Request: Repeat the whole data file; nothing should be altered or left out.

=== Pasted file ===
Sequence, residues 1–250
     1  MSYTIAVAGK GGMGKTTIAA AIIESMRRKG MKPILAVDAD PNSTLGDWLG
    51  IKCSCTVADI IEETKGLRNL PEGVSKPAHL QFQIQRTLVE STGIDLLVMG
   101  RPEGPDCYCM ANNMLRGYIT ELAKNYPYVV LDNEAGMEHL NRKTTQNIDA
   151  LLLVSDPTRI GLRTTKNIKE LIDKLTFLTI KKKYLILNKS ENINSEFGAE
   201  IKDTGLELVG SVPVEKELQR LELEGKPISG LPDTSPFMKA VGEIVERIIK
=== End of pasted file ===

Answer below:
Sequence, residues 1–250
     1  MSYTIAVAGK GGMGKTTIAA AIIESMRRKG MKPILAVDAD PNSTLGDWLG
    51  IKCSCTVADI IEETKGLRNL PEGVSKPAHL QFQIQRTLVE STGIDLLVMG
   101  RPEGPDCYCM ANNMLRGYIT ELAKNYPYVV LDNEAGMEHL NRKTTQNIDA
   151  LLLVSDPTRI GLRTTKNIKE LIDKLTFLTI KKKYLILNKS ENINSEFGAE
   201  IKDTGLELVG SVPVEKELQR LELEGKPISG LPDTSPFMKA VGEIVERIIK